Simpson says sorry for 'grandstanding' after fall of Kabul

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The Independent Online

The veteran war reporter John Simpson has apologised for his "embarrassing" grandstand performance in which he claimed during a live broadcast that he had liberated Kabul.

The BBC world affairs editor, who was widely ridiculed for his breathless comments shortly before the Afghan capital fell to the Northern Alliance last Tuesday, admitted yesterday he had "got a bit carried away".

Mr Simpson, who infuriated his BBC colleagues and his rivals by claiming on Radio 4's Today programme to have liberated the city, said that he had been misunderstood.

He told BBC's Breakfast with Frost: "I walked down through this vast great crowd and they were so delighted to see us. I got a bit carried away really. I got excited. I can't help it. It was a fantastic moment.

"What I should have said of course was that we brought the news to people in Kabul that they had been liberated.

"I kind of shortened it down from the first word to the last word of the sentence. What can you do? I regret it. But I don't regret being there a long way in advance."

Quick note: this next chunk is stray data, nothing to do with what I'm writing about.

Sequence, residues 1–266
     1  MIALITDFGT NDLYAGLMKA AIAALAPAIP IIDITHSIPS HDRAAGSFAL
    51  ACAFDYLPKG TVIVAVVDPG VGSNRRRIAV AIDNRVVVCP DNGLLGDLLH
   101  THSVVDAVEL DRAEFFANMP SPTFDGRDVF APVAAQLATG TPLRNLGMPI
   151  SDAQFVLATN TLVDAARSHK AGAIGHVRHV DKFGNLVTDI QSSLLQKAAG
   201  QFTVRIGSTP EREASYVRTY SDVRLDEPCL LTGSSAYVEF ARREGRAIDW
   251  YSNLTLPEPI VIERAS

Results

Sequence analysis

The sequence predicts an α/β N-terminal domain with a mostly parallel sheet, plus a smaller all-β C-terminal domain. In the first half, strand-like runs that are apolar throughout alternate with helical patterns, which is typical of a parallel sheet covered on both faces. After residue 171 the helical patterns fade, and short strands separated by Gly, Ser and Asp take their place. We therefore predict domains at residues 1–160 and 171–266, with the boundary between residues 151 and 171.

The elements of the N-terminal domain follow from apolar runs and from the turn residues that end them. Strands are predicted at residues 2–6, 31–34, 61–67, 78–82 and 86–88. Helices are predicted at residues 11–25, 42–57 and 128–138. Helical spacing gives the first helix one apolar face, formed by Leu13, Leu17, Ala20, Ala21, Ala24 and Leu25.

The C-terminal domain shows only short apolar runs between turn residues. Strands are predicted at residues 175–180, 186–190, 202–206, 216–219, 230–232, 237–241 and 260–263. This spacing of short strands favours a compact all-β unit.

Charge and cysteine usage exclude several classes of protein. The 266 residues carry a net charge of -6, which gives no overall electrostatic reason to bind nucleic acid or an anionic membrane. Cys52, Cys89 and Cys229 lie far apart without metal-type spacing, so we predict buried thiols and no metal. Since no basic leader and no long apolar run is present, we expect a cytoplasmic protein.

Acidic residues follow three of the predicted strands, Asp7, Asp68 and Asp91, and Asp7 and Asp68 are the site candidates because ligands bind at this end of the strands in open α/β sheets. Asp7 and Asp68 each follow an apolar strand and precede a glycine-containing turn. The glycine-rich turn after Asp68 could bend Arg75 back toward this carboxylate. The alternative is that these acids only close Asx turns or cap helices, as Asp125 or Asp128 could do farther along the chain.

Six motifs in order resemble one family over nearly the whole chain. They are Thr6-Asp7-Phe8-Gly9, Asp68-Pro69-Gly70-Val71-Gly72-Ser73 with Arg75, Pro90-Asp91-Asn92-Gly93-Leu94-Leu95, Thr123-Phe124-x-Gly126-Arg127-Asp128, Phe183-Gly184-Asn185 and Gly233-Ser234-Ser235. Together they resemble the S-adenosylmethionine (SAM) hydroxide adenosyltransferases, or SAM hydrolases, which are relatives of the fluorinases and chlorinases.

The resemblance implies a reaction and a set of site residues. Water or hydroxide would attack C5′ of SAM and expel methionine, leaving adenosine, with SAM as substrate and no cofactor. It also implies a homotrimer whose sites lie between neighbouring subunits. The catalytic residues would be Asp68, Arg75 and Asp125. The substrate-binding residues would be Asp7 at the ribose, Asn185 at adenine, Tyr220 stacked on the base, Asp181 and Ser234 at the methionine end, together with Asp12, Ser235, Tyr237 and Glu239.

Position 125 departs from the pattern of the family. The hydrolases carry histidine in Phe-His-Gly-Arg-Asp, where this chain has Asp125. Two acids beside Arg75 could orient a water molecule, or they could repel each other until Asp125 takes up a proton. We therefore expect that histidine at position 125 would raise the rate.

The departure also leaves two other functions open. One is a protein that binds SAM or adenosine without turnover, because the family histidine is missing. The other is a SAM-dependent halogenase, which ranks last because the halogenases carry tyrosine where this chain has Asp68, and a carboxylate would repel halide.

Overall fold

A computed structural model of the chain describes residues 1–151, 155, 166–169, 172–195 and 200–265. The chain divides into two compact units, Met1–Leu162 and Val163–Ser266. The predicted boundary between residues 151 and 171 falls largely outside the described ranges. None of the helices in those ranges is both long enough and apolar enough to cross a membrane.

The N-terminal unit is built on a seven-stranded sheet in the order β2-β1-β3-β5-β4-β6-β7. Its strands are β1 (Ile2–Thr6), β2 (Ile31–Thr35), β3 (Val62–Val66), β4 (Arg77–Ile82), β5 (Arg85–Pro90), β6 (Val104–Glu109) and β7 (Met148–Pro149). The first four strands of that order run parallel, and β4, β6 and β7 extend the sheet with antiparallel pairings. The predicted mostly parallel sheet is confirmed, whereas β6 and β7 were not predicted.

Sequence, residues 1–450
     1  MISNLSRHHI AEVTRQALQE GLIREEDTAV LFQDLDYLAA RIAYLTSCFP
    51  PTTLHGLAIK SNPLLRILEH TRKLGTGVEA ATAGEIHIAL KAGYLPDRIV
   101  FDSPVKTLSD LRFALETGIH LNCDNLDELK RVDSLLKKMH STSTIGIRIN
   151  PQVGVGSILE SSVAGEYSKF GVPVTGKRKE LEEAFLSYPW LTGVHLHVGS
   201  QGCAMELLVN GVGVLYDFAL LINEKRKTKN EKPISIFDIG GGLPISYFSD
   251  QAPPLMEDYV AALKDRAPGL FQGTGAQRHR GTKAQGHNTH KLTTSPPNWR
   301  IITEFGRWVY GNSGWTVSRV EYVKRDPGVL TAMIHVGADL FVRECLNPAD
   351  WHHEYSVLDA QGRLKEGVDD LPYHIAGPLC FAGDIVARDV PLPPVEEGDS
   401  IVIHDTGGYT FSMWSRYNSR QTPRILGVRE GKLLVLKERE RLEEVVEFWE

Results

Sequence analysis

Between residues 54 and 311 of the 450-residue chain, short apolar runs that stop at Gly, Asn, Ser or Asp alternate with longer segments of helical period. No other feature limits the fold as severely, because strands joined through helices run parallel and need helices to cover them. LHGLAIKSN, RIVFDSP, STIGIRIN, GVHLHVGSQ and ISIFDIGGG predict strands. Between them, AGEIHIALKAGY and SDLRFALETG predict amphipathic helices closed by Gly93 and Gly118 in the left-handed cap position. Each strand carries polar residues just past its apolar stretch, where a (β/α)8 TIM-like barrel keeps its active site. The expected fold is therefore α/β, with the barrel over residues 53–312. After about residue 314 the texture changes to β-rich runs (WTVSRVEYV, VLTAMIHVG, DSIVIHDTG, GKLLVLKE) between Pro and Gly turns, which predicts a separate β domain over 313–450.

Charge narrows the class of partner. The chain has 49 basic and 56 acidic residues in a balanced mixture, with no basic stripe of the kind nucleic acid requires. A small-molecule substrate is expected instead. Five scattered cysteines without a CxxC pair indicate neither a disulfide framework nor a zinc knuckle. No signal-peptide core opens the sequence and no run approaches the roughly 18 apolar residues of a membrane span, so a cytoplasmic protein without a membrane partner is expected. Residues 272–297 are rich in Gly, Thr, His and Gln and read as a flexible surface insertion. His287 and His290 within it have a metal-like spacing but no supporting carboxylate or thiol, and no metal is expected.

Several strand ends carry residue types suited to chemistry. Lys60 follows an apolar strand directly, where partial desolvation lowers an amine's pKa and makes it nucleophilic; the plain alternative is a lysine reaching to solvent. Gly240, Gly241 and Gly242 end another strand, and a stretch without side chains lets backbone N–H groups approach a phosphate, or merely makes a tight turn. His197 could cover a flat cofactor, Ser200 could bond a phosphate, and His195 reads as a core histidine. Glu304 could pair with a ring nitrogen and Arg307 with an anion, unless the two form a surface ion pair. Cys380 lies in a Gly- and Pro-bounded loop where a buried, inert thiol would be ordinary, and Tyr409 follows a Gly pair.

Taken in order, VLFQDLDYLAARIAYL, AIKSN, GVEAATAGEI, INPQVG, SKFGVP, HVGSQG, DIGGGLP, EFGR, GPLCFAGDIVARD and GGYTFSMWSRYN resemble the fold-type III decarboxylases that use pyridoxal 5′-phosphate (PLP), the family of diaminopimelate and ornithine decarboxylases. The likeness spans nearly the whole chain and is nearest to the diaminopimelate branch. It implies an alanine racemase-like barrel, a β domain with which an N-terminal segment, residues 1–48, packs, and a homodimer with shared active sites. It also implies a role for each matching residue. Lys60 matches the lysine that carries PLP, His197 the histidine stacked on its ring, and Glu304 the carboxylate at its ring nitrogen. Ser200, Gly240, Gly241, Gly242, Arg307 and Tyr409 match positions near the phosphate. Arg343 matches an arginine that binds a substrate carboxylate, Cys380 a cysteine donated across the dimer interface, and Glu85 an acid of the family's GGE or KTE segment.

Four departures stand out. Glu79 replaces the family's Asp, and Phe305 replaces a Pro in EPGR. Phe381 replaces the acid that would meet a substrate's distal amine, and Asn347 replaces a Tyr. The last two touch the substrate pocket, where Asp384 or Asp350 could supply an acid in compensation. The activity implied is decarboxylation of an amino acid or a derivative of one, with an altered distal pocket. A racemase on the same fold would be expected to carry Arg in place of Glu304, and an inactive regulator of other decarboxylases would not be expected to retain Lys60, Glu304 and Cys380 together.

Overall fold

Mr Simpson, who has sent dispatches from 101 countries during his 32-year career, showed no such contrition towards criticism from his rivals. "I can't help thinking some of it is a little bit of sour grapes that other people weren't there with us, but maybe that's just my nasty nature."

Western media operating in Afghanistan were enraged at Mr Simpson's dispatches in which he claimed to have been the first to enter the capital. Many pointed out that Kabul was "swarming" with reporters and that his BBC colleagues William Reeve and Rageh Omar had already been there for a week.

Mr Simpson conceded that he shouldn't have taken sole credit for the operation in which he led a small crew into the city by foot, bicycle and taxi a few miles ahead of conquering Northern Alliance troops.

But he insisted: "We were the first – it was we, it was the BBC, it wasn't just me. There were four colleagues, five colleagues of mine walking alongside me so it really wasn't me. It was the BBC, and everybody else ... was behind us. Some of them hours and hours and hours behind us."